It's not clothing, but it's an accessory anyway: Pax Backpacks. I just launched it this morning! American made backpacks that support disadvantaged students by donating 22% of profit to after school programming in the lowest income middle schools in the country. Check out our Indiegogo campaign here: or check out the website at

    • Hannah Kim

      wow I love this!! so awesome. thanks for sharing :)

  • Brooke Johnson

    Check out American/Canadian made products, environmentally friendly dyes, every product donates to charity. Look good, do good, feel good.

  • adbierach

    Buy used clothing. Buffalo Exchange is great.

    • Kelsi Boyle

      or Crossroads! My home away from home....

    • Adele Peters

      Yes! I think used clothing is the ultimate choice from a sustainability standpoint (that, and keeping the clothing you have as long as you can...).

      • adbierach

        Agreed! I am always hesitant about the notion that we can buy our way out of environmental degradation and social ills. While I acknowledge the role more sustainable industry plays in the bigger picture, we should first consider if we really need to buy something new. This is true of fashion, but most other industries as well. Is buying a 2013 Prius better than driving a car from the 80’s? While the fuel economy difference is considerable, the resource extraction and manufacturing process required for the new Prius may negate the fuel savings.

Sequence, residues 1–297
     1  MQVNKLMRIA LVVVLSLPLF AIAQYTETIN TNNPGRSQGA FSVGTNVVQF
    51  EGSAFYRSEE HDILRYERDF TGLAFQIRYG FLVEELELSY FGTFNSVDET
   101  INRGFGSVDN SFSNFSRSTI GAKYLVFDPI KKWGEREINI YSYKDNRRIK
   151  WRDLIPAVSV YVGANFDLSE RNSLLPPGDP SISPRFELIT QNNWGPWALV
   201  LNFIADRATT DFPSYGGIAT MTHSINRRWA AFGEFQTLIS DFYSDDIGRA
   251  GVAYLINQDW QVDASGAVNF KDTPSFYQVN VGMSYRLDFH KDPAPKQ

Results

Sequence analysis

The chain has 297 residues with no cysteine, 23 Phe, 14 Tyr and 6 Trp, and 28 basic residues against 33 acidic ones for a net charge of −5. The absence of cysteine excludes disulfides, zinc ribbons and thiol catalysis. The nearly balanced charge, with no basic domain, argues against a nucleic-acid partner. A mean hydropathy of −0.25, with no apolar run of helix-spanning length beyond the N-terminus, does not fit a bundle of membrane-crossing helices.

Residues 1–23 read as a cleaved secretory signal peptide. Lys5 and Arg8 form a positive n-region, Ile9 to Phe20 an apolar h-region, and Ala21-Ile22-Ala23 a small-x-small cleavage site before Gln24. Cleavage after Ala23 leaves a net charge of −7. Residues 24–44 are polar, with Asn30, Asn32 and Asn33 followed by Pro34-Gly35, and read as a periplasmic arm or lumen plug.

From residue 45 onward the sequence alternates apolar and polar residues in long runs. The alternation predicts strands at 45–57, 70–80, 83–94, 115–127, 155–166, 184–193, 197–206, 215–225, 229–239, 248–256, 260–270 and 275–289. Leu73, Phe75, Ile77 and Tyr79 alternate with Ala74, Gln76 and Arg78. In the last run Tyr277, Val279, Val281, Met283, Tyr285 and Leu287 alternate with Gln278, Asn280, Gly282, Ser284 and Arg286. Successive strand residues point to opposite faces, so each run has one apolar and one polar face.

I’m not saying we shouldn’t buy new cars or new anything, I’m just suggesting that consumerism is a more systemic issue than unsustainable or unethical fashion. After all, it is the demand for a high volume of cheap goods that has led to the state of the fashion industry.

        However, there is a place for new, and for buying things of quality that were built to last, so on that note I encourage everyone to check out They have a great model and do an excellent job profiling the origin stories of their products.

        • Hannah Kim

          I completely agree! As I am preparing to move out of my apartment, I am realizing how much stuff I can reuse, or donate to other people so they can reuse/upcycle it- thus minimizing my need to buy new things constantly.
          Becoming less avaricious consumers should be our ultimate goal- but if we must buy, we should make sure our choices are not hurting the environment or other people. Great feedback and thoughts, I love it

  • Nathan Rothstein

    if you are looking to preserve t-shirt memories, upcycle, and create fair wage jobs in the USA- you can check us out

  • mr meow

    vintage shops, charity shops, american apparel

    • Carl Carter

      their exclusive "made in third world countries" KOHLS line of clothing would beg to contradict this article.

    • Hannah Kim

      Great article, thanks so much for sharing. I always thought of H&M as a cheap brand that wasn't particularly sustainable, but I'm so glad to hear of the initiatives they are putting in place! :)